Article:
Lets say there's planet that has an orbital period of 7 earth years and days that last about two hours. What created the orbital period and days of the planet to be different from earth and what primitive life could develop on this world?
closed as too broad by James♦, Josh King, Hohmannfan, kingledion, Frostfyre Mar 23 '17 at 18:56
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Presumably this is a rocky, approximately-Earthlike-in-all-other-respects planet since you're asking about life.
The long orbital period means your planet is further away from its star; I don't know the relevant math, but if we use the Sun as a baseline your planet would probably show up somewhere between Mars and Jupiter (source: eyeballing from here; for a 23-year orbit you'd be between Jupiter and Saturn, closer to Saturn).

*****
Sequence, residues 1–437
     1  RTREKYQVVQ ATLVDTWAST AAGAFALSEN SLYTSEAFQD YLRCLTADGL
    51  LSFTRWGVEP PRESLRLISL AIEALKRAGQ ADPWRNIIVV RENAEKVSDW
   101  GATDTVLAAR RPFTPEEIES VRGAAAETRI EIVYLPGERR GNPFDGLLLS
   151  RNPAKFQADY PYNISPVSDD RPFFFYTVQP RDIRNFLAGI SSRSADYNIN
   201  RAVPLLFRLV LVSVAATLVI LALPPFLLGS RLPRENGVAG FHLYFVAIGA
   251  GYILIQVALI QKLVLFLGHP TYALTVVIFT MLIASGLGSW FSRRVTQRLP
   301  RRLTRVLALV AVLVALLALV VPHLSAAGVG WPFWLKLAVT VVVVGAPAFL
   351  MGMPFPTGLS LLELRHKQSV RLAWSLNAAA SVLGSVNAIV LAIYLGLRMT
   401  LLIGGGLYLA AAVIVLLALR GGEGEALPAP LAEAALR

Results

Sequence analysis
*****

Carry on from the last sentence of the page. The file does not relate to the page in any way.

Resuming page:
On its own this would make your planet rather chilly. On the other hand, the main thing that comes to mind as a possibility for a two-hour day is, er, massive (angled on average) asteroid/comet bombardment, which has the convenient* side effect of heating the planet up.
*Convenient for those not already living there, anyway.
based on the orbital period, this planet is pretty far from its star. To still be in abitable zone, the star has to shine really a lot, kind of a blue giant, meaning it won't live long enough to sustain life.